What to Wear ?
Should we or should we not dress differently ?
To Veil, or Not to Veil, that is the Question ????
So many Muslims think it is wrong for Muslim women to veil their faces while they are in America.
I must ask, why? Why is it OK somewhere else, and not here in America?
Some people say it is wrong cause people stare and look at the Muslimah, when she is veiled. I ask you, can those people looking tell you anything about that veiled woman, other than the color of her veil?
Some people say that the veil SCARES off people because they don't understand about it. I say, why not teach them? I say.....some people like pork and alcohol, but we wouldn't change that for those individuals. As for scaring off possible Muslims, I would like to tell you a story.
The story is real & happened to me, while attending a university in South Dakota. For several years I had lived in South Dakota, and had "STOOD OUT" in the crowd as the only Muslim woman wearing hijab. Then we began to have an increase in the number of wives of international students, in which many wore hijab. But they where never seen in public, so most people didn't know they even lived in the town.
As time went on, I became accustomed to being stared at and pointed at and even whispered about. It really never bothered me, because I realized those individuals' opinions don't matter, only Allah's matters.
One October morning, as I was preparing to dress to leave for college classes, I walked past my rack of hijabs and proper hijaabs. I grabbed my hijab and placed in onto my head, and was about to depart, when I got this feeling I should wear my proper hijaab. It was a strong feeling & so I followed the "advise" and donned my proper hijaab, which I hadn't worn since I lived in New York. A few people asked me why I was wearing it, and I just told them for religious reasons. This answer, sounding so simple, was more than enough for almost everyone.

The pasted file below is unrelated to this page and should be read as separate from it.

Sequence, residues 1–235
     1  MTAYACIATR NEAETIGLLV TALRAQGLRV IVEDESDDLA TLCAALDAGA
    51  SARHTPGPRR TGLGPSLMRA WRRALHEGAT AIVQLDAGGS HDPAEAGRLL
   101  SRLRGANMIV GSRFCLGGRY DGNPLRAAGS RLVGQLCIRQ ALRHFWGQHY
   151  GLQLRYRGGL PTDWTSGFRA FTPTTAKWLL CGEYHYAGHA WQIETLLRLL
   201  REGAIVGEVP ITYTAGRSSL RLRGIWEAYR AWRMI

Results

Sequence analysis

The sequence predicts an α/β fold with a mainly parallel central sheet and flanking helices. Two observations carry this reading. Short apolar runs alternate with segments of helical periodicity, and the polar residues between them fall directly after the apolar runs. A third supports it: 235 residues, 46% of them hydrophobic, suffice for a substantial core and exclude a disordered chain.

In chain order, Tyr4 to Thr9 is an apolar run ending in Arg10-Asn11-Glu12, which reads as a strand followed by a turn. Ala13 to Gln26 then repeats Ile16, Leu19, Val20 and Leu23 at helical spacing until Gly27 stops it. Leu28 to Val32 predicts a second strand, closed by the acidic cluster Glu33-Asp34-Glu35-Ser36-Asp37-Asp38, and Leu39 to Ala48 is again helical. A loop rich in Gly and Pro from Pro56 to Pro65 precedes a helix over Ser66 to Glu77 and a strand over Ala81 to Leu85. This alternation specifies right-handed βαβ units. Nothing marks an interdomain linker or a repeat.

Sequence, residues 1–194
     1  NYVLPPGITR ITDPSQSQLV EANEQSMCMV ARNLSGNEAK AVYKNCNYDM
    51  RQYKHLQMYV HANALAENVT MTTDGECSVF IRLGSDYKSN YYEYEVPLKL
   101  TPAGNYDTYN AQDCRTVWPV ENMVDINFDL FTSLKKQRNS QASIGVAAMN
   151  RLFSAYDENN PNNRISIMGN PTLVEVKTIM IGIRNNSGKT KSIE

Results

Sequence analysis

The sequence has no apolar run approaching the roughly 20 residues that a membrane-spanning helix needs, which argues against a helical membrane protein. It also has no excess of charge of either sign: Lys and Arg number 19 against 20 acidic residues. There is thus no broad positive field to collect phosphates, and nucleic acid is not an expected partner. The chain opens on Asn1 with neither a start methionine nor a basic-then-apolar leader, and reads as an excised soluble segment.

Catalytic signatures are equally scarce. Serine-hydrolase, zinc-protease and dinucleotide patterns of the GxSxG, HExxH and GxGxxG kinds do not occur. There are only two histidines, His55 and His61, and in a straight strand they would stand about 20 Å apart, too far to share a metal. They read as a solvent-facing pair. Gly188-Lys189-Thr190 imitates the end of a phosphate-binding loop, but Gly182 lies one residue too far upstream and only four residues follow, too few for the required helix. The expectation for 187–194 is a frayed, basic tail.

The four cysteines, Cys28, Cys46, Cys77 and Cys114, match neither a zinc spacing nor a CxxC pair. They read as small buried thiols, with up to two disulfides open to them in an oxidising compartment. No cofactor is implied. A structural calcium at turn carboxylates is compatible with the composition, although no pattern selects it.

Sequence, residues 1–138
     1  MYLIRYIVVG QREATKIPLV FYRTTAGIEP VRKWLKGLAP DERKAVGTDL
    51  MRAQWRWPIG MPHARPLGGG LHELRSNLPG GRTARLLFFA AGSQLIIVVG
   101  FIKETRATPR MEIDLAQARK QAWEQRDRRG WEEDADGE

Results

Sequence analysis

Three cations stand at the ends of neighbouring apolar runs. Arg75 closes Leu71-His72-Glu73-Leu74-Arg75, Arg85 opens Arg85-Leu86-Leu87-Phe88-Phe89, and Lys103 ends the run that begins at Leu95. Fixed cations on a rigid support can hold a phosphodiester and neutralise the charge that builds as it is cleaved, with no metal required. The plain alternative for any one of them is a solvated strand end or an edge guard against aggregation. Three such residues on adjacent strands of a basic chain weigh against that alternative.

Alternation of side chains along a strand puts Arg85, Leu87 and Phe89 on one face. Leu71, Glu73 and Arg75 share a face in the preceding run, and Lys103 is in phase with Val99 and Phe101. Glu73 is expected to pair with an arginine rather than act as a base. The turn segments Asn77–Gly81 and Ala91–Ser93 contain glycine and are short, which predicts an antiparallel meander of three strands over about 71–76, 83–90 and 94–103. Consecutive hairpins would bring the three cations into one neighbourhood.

I had people stare & point, and I would just wave at them & acknowledge their gestures. This was usually enough to quickly correct their rude behavior. However, I have to admit, the pressure I received to not wear the veil was not from the non-Muslims, but from Muslims who seemed embarrassed by me wearing it.
I still had no understanding to why I felt the NEED to wear it, but I continued wearing it for the rest of the semester.
It wasn't until the Friday before Thanksgiving break that I came to understand the importance of that proper hijaab. While talking with a close friend & waiting to get something to eat, at the student union, a fellow student walked up to me. He asked me if I was Muslim, and then went on to tell me that he had spent the past year trying to identify the Muslim Brothers on campus, so that he could get information about Islam, but had failed. He said it was because of my veil that he felt certain that I was Muslim, and so he felt safe in asking me more about Islam.
I asked him why he hadn't asked me prior to me adopting proper hijaab and he explained that other religious groups have women wear scarves, but no other group wears the veil. It was due to this veil that he knew for certain I was Muslim.
We spoke for a little while that day & shared phone numbers. Then I helped him get in touch with the Muslim men in our community.
Later on that year he took shahadah. Al-humulillah!